Nigeria’s war against Islamic militants erupted near the president’s house on Sunday, when a prison break sparked hours of gunfire in the capital and raised questions over the military’s capacity to protect the country’s most sensitive areas.
Gunshots were heard Sunday morning and afternoon along the leafy avenues that bypass the headquarters of Nigeria’s spy agency, its State Security Services. That agency said the incident began when a detained terrorist struck a prison guard with his handcuffs, grabbed a gun, and broke free.
President Goodluck Jonathan, who lives about a mile away, remained safe and the escape had been foiled, according to a presidential spokesman, Reuben Abati. He wrote on Twitter: “There is no cause for alarm.”
Many residents, however, challenged the official version of events. They described a pitched battle that involved hours of heavy gunfire and observed scores of soldiers in defensive positions. Two helicopters circled the air and armored personnel carriers patrolled the city. By noon, troops brandishing rocket propelled grenade launchers had cordoned off a large swath of Nigeria’s capital.
Many of Nigeria’s most prominent politicians live throughout the tree-lined neighborhood where the attack occurred, including members of Nigeria’s opposition who questioned the government’s description of a relatively minor attack.
“We don’t believe it,” said Nasir el-Rufai, a resident who once served as the minister is charge of the capital, and has since joined Nigeria’s opposition. “It was serious fighting. One person trying to escape cannot result in two, three hours of gun fighting.”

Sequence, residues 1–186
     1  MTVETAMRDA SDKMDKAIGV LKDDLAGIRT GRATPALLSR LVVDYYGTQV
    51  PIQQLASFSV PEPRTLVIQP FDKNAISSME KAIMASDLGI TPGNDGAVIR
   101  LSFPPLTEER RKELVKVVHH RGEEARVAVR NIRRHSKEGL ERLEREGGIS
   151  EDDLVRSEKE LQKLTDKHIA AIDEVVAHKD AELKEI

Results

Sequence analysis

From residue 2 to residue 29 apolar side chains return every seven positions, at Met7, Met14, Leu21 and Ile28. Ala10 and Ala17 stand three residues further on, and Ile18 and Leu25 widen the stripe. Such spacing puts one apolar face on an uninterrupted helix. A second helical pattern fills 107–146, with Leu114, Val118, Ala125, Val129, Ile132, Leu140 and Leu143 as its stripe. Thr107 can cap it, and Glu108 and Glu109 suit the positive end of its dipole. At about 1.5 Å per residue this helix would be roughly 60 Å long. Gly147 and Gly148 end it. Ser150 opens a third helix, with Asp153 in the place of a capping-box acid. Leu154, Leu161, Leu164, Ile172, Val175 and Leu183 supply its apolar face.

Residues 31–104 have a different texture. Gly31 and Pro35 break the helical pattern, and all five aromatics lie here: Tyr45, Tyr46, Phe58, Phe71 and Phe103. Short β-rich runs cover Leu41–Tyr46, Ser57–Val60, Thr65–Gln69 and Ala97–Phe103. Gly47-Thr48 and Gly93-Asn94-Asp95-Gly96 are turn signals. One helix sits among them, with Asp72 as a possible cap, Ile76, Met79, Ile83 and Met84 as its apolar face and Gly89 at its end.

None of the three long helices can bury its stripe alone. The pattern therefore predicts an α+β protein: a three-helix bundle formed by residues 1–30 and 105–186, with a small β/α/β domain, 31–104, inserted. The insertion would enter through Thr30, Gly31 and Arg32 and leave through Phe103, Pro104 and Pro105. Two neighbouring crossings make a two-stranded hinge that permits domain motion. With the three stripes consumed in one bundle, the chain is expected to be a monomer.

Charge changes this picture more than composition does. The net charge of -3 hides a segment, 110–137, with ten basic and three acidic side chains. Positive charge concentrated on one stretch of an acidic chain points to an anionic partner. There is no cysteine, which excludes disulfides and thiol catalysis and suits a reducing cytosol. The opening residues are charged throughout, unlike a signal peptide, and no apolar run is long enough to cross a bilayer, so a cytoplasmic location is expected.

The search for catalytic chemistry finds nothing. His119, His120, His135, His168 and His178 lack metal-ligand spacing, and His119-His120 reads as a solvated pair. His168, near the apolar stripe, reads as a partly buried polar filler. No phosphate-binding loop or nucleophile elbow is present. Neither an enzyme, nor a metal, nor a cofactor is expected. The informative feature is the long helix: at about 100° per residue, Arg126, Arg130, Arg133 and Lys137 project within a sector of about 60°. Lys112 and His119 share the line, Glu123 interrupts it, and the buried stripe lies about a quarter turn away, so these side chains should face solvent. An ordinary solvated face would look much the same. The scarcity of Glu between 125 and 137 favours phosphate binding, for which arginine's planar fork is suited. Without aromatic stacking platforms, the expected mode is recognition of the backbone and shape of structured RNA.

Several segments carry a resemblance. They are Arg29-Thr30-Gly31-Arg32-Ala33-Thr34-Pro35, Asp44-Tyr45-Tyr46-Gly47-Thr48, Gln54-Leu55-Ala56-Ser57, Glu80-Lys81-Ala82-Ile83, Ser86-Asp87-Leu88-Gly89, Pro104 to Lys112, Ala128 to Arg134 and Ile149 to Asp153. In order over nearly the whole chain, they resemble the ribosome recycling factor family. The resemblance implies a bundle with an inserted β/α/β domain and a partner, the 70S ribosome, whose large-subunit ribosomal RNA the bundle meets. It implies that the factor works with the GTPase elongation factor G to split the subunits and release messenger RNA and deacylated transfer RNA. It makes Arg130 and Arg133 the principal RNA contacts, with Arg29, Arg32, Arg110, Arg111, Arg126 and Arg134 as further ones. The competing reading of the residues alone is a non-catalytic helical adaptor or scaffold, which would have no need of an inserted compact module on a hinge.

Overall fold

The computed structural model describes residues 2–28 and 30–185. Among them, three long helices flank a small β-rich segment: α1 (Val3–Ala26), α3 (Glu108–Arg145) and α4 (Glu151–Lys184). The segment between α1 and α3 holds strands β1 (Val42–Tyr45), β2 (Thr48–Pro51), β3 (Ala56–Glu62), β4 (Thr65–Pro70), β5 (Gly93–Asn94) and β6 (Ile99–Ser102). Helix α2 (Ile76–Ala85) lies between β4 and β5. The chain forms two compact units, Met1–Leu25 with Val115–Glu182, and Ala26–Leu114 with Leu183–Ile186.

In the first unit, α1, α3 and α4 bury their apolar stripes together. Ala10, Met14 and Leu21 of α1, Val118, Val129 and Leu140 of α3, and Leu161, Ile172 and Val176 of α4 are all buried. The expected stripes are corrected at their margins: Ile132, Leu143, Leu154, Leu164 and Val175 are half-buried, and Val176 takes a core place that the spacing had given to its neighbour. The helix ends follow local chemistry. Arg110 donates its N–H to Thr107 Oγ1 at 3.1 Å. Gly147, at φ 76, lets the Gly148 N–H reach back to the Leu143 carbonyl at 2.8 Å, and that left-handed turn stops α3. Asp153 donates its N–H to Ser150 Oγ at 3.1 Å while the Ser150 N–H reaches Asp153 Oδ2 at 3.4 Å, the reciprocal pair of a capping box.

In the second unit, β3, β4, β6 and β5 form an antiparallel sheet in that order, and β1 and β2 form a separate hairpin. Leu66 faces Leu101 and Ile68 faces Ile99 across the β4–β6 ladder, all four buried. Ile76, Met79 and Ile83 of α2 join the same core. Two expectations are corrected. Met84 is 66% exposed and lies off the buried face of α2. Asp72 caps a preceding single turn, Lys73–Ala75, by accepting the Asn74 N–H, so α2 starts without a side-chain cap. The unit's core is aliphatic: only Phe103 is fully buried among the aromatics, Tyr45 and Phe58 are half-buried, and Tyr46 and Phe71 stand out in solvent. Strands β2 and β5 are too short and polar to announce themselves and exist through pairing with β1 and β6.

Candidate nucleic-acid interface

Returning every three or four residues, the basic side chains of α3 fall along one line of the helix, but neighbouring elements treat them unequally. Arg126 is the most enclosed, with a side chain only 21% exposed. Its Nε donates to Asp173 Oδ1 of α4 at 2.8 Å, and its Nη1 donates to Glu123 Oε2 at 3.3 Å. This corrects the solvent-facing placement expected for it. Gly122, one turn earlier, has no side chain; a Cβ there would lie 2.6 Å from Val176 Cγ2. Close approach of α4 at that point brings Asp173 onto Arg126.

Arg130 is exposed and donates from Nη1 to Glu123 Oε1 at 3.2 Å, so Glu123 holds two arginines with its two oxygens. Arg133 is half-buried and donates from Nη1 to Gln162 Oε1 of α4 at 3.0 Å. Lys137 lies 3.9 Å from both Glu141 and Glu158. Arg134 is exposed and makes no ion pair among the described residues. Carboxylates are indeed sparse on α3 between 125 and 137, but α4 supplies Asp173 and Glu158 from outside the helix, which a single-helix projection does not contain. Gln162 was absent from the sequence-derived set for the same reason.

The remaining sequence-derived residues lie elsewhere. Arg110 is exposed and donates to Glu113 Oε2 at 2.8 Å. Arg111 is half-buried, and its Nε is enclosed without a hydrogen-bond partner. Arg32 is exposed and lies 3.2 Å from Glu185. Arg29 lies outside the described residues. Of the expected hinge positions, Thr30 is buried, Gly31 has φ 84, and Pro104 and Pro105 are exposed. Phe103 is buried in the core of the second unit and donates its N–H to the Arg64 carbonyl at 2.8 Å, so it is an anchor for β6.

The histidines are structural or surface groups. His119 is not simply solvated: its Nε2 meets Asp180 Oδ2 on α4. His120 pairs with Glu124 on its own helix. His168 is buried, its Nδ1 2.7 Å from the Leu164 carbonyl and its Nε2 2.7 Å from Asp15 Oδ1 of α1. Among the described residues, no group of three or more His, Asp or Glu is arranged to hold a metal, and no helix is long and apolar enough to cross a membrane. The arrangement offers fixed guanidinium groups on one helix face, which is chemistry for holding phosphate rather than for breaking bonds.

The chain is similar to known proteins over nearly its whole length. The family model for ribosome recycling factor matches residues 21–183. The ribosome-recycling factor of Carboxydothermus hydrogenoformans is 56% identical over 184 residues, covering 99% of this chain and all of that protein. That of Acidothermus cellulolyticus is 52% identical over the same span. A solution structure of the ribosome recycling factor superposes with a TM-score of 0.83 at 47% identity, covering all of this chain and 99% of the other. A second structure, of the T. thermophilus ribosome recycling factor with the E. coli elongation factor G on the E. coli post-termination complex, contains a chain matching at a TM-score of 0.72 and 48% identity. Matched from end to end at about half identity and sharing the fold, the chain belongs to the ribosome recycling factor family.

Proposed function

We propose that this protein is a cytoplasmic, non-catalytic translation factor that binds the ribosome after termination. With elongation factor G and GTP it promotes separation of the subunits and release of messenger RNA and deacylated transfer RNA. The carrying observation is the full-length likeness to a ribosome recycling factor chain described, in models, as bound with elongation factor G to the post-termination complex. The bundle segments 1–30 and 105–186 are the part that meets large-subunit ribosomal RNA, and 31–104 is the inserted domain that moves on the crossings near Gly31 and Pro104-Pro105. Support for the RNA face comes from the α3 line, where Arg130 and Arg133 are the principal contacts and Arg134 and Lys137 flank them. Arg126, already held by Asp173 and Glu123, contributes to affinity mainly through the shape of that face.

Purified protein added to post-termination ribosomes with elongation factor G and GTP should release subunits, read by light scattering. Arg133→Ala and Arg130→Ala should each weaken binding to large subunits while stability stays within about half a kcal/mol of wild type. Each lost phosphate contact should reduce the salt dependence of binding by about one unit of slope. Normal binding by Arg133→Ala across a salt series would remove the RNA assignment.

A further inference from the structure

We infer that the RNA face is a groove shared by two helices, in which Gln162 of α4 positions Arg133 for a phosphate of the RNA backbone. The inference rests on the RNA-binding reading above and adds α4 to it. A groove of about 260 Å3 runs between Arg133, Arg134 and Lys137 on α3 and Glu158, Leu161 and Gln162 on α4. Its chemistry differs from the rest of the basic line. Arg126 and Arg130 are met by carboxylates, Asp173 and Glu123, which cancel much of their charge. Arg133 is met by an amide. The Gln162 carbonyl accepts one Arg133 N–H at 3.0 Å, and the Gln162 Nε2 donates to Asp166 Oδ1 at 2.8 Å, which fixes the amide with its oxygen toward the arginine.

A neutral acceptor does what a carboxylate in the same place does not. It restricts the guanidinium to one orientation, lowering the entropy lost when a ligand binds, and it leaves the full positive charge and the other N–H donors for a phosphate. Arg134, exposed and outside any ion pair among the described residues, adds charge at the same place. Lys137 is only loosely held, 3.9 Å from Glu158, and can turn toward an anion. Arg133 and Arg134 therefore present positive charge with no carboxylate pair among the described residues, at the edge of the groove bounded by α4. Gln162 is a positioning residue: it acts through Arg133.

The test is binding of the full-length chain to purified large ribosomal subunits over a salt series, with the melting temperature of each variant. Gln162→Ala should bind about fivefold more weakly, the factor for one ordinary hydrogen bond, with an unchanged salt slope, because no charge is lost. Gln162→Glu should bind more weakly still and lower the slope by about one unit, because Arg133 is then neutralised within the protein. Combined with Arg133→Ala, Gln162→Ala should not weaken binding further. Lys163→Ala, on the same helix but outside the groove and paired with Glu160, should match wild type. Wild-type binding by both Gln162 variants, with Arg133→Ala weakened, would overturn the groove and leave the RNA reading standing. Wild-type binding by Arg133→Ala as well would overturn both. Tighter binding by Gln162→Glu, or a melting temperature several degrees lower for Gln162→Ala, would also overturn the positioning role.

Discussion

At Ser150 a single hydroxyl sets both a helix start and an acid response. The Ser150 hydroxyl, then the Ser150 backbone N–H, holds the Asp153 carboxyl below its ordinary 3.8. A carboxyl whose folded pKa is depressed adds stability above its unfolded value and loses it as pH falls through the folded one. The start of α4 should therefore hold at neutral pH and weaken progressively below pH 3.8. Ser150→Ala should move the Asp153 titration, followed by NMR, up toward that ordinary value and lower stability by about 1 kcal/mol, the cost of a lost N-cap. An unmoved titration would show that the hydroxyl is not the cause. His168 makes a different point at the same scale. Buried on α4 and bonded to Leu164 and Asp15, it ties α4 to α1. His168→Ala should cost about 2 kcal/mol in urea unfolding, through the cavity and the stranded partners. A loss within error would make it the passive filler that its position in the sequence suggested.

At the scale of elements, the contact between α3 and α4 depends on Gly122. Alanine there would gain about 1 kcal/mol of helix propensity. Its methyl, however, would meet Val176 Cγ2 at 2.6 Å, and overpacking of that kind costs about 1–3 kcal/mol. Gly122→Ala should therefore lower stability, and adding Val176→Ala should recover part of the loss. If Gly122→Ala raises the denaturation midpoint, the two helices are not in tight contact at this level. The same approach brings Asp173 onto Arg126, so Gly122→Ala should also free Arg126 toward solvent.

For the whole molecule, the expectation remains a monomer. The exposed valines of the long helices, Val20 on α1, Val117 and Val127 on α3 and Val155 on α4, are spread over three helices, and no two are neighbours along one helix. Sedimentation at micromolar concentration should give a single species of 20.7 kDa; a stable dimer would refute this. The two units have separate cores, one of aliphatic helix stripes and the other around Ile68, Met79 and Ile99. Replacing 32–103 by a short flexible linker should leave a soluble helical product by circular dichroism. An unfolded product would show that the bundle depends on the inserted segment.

Earlier attacks this month have left many Nigerians worried over the military’s ability to safeguard its most strategic installations.
On May 14, hundreds of Boko Haram fighters stormed the most heavily fortified base in Nigeria’s north. Some 4,000 suspected Boko Haram insurgents were detained inside, according to one U.S. official who is knowledgeable about conditions inside the prison. The Nigerian government has acknowledged suspected Boko Haram detainees, but declined to provide a number.
The military issued a statement within hours of that attack, which it said had been foiled.
This week, however, Boko Haram released a video that showed several hundred prisoners running out of the military base, which had clearly been destroyed in an explosion. The freed suspects, some of them children, screamed and waved in celebration.
“They all got away,” said Boko Haram’s leader Abubakar Shekau in a separate video. “Glory be to Allah.”